Starfish Storage Marks 10 Years Leading in Unstructured Data Management

Starfish Storage, a leader in metadata-driven unstructured data management, is honored to celebrate its decade-long journey. Concurrently, the company reveals it now oversees an excess of one exabyte of capacity among its clientele. This encompasses major players such as eight out of the top ten pharmaceutical companies globally, seven of the eight Ivy League institutions, supercomputing sites under the Department of Energy, and prominent corporations spanning semiconductor, oil and gas, fintech, automotive, healthcare, consumer products, and media-entertainment sectors.

Starfish services the largest and most demanding file environments in the world. The typical Starfish customer uses high-performance parallel file systems and scale-out NAS to service the needs of scientific computing, AI/ML, engineering, rendering, and other highly demanding production workloads. These environments consist of billions of files, tens and sometimes hundreds of petabytes of capacity, and have a myriad of data management challenges.

Starfish’s metadata-driven approach sets it aside from traditional file management solutions that rely on timestamps and coarse-grained analytics to make policy decisions. At the heart of the Starfish platform is a data catalog specifically designed for unstructured data. The metadata and analytics capabilities of the catalog allow Starfish to service a wide variety of use cases (well beyond the table-stakes use cases of archiving and data movement) and address the nuanced needs of each set of stakeholders. Most importantly, Starfish enables the end users who create and consume files to manage their own data with the appropriate security and safeguards.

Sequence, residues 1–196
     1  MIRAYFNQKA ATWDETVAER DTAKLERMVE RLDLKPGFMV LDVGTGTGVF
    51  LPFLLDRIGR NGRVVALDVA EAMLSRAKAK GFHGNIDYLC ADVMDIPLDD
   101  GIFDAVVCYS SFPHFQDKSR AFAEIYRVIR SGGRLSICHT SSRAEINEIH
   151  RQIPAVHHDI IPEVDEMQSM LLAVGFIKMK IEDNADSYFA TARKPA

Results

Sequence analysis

Company founder, Jacob Farmer, explains, “In these large, diverse computing facilities where Starfish plays there are a myriad of use cases, often with nuanced implementation details. There are also many stakeholders including the users who create and consume the files as well those who are responsible for paying for storage capacity, various aspects of compliance, and ensuring proper data curation.” Some of the use cases Farmer refers to include archiving, data protection, migrations, cloud bursting, cost accounting, data disposition, ROT (Redundant, Obsolete, and Trivial) cleanup, FAIR data management, and AI/ML workflows.
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Taylor Graham, marketing grad with an inner nature to be a perpetual researchist, currently all things IT. Personally and professionally, Taylor is one to know with her tenacity and encouraging spirit. When not working you can find her spending time with friends and family.